It’s not the boom, but 2014 shapes up as robust year for commercial real estate

It won’t look anything like the boom era, but 2014 should still be a strong year for local commercial real estate.

That’s according to brokers with commercial real estate firm CB Richard Ellis, who briefed reporters Thursday on their forecast for the year ahead. On tap: Major developments for the city’s, um, major developments, including the Oct. 9 opening of the Shops at Summerlin and the start of work on Resorts World Las Vegas, on the former Echelon site on the Strip. There’ll be challenges along the way, including a shortage of big industrial buildings and Southern Nevada’s reputation as a struggling market.

Here’s a roundup of what brokers see happening in the next 12 months:


Southern Nevada’s land market will see both opportunity and challenge in 2014.

The Las Vegas Valley is getting attention from big companies interested in moving or expanding here, so the “real headline in 2014 is going to be employment growth,” said Keith Spencer, first vice president.

With more people working, housing demand should pick up, Spencer said. Construction activity will surge in the southwest, near Buffalo and the 215 Beltway, now that zoning restrictions on McCarran International Airport-owned land are lifting. Plus, 250 acres south of Nellis Air Force Base are ripe for housing development.

Also, look for Henderson’s Inspirada master plan, which gets back under construction in earnest this year, to join Summerlin, Mountain’s Edge and Providence on the list of the nation’s 20 fastest-growing master plans, Spencer said.

The biggest threat to the market in 2014 is that those large, new employers might decide not to come. And with finished home lots running out, expect builders to chase unimproved lots with no infrastructure — a trend that could delay the influx of new homes onto the market.

Land prices will go “slightly higher,” staying mostly in check until local employment surges, Spencer said.


The city’s office market in 2013 posted net absorption of 1.46 million square feet, its best rate since 2006’s 1.9 million square feet. Credit big companies taking over large spaces, said Randy Broadhead, senior vice president. Barclays, Zappos.com, MGM Resorts International, Allegiant Air — all absorbed 100,000 square feet or more of space. Vacancy dropped from 25 percent to 22 percent.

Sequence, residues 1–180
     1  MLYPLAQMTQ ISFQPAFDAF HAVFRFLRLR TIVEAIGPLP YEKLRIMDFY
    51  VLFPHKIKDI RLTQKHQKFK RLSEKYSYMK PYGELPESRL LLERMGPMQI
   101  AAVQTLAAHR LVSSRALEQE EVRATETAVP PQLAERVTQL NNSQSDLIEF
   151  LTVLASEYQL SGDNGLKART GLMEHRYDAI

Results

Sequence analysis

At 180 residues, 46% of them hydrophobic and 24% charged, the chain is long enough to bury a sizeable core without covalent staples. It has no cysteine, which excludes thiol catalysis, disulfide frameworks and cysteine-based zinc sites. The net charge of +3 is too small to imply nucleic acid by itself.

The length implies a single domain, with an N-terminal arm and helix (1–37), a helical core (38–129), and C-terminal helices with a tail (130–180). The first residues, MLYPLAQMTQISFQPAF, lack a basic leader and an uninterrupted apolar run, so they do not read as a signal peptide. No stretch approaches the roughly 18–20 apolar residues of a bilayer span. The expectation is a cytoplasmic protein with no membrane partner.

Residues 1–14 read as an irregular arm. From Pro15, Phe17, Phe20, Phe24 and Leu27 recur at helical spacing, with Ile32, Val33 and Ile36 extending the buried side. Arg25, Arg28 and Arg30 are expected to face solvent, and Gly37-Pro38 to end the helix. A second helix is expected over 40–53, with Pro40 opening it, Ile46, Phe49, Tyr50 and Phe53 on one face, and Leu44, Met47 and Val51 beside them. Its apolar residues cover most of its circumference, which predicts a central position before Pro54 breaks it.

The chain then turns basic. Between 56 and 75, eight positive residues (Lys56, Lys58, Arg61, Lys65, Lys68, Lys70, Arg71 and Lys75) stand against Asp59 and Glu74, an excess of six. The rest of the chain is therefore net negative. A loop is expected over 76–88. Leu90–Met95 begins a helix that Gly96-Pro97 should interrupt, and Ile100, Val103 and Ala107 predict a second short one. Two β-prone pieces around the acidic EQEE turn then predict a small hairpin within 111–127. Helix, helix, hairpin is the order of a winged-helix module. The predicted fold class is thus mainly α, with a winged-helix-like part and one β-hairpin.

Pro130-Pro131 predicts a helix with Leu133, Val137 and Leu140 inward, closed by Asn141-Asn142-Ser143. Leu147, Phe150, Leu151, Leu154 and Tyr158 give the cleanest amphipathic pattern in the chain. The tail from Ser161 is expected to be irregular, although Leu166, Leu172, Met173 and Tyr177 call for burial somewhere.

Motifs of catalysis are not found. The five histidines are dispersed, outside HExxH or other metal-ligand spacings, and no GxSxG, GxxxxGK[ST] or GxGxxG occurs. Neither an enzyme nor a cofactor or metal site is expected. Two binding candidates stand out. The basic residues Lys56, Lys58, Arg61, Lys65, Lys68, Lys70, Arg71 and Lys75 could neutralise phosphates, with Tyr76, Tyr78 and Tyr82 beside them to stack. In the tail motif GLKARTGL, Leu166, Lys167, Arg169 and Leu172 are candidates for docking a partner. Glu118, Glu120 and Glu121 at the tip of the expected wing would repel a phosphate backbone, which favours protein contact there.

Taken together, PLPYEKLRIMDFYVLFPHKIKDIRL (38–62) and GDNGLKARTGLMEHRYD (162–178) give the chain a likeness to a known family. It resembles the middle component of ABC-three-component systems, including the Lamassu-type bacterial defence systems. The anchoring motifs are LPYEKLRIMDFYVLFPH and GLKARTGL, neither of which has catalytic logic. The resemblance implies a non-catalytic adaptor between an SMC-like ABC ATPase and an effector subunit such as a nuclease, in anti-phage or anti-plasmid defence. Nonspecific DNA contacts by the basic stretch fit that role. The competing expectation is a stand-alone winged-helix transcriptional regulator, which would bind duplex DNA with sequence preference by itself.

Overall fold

Broadhead said he expects more progress in 2014, particularly as big call centers move in. Despite new additions of space at the Shops at Summerlin and the Gramercy — a retail, office and residential project once known as Manhattan West — both on the west side, vacancy should drop again, to 20 percent. That would still be well above a healthy market of 10 percent to 13 percent, a target that’s a ways off given an oversupply of functionally obsolete space in older, east-side neighborhoods.

“Class A space around freeways is doing well, while inner-city properties are struggling,” Broadhead said. “But eventually, there’ll be a rising tide. People will rehab those older buildings, and companies will move back in.”


As with the office market, a solid 2013 set up the industrial sector for a strong 2014. Companies leased a net of 2.4 million square feet, the highest level since 2004. Here, too, a few big-box users made the difference, First Vice President Greg Tassi said. Take World Pack USA, distributor of Pillow Pet stuffed animals, which took down 303,200 square feet in spring for Southern Nevada’s biggest industrial deal in six years. Or look at gaming manufacturer SHFL entertainment’s new, 150,000-square-foot space in the southwest.